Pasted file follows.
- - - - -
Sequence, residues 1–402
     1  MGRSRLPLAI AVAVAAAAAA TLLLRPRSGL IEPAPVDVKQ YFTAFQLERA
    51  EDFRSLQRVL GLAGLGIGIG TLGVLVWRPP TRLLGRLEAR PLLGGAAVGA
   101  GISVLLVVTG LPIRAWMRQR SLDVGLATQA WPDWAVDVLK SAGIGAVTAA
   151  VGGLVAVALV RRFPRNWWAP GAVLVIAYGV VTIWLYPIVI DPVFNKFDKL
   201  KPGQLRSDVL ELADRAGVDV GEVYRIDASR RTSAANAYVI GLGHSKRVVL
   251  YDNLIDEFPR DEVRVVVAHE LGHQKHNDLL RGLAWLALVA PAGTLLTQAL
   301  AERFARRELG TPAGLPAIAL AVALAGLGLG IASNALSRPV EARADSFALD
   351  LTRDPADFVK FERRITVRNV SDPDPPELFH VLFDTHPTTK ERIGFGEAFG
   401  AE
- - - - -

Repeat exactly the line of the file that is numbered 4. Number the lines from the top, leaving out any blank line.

   101  GISVLLVVTG LPIRAWMRQR SLDVGLATQA WPDWAVDVLK SAGIGAVTAA